Other ways to search: Events Calendar | UTHSC

The science of addiction: How opioids — and environment — change the brain


Opiate drugs, which come from the opium poppy flower, and synthetic, or man-made, opioids also can trigger that brain process in the mesolimbic system. The drugs attach to certain specialized proteins on the same receptor brain cells where the pleasure-causing chemicals the body naturally makes normally attach. So can other drugs, including alcohol — but the body seems to develop a tolerance to opioid drugs more quickly. That is, it develops a tolerance for the drugs’ abilities to relieve pain or produce pleasure, requiring an increasingly higher amount to fire up the process that produces dopamine, said neuropsychiatrist Dr. Richard Gibson, an addiction specialist who practices, teaches and conducts research at the University of Tennessee Medical Center in Knoxville…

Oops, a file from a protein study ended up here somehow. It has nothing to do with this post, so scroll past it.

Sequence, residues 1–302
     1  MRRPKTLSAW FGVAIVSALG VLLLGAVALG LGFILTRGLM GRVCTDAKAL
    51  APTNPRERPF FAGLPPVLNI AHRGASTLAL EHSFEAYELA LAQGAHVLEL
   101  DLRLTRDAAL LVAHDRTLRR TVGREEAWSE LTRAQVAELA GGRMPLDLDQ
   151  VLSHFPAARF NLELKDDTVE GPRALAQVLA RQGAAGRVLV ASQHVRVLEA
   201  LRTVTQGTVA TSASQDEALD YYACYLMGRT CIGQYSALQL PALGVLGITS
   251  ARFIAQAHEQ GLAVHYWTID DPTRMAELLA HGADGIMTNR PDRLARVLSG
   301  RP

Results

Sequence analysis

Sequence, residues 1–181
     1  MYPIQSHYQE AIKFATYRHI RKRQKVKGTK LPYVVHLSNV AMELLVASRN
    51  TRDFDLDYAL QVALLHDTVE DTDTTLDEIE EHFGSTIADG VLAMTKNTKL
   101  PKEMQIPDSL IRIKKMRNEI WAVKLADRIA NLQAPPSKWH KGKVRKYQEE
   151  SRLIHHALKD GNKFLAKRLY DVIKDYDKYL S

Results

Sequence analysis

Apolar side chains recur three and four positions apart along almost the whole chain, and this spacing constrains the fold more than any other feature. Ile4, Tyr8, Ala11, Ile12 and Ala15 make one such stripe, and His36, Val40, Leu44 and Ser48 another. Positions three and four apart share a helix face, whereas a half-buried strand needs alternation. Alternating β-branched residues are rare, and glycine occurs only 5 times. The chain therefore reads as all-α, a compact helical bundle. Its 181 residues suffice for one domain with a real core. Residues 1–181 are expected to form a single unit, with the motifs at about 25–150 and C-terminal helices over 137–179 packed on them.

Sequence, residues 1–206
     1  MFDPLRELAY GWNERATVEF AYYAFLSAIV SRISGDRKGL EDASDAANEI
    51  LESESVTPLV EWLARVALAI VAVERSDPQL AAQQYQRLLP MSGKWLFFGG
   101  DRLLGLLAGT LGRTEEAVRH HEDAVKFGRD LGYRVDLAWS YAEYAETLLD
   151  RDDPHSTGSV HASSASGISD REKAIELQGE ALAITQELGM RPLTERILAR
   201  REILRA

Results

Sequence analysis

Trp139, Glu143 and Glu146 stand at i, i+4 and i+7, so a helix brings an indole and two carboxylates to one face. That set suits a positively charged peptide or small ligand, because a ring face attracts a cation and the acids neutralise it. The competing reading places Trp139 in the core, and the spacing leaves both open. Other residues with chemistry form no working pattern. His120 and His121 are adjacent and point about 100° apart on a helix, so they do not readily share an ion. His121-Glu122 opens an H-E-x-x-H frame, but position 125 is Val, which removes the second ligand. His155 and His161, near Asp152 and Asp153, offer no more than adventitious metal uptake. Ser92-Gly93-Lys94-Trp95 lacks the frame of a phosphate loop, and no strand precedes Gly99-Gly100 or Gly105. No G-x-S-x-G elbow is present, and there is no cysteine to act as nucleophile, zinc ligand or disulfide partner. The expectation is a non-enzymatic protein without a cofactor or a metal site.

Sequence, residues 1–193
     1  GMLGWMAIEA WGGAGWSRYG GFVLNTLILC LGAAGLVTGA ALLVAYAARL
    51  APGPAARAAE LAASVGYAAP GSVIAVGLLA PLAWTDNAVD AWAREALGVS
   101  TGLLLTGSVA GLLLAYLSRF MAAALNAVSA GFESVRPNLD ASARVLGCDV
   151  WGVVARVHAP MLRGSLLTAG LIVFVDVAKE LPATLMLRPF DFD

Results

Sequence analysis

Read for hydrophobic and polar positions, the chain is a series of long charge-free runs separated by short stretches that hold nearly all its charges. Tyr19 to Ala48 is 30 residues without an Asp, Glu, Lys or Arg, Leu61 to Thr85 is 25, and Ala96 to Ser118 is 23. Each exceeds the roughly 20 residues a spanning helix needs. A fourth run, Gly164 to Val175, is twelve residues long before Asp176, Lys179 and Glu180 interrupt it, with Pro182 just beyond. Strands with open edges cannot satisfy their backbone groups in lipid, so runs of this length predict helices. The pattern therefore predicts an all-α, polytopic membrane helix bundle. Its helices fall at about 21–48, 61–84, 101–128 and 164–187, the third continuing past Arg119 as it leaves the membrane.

…Dr. Daniel Sumrok, director of the Center for Addiction Sciences at the University of Tennessee Health Science Center’s College of Medicine in Memphis, said the “trauma of childhood” absolutely can cause “neurobiological changes.” He estimates 90 percent of his clients have had three or more ACEs. In two outpatient clinics, Sumrok combines medication-assisted therapy with therapy to address those childhood traumas. Drug use, he believes, is actually “ritualized compulsive comfort-seeking”; part of his job is to help patients replace it with a safer, legal coping behavior.

Top Publishers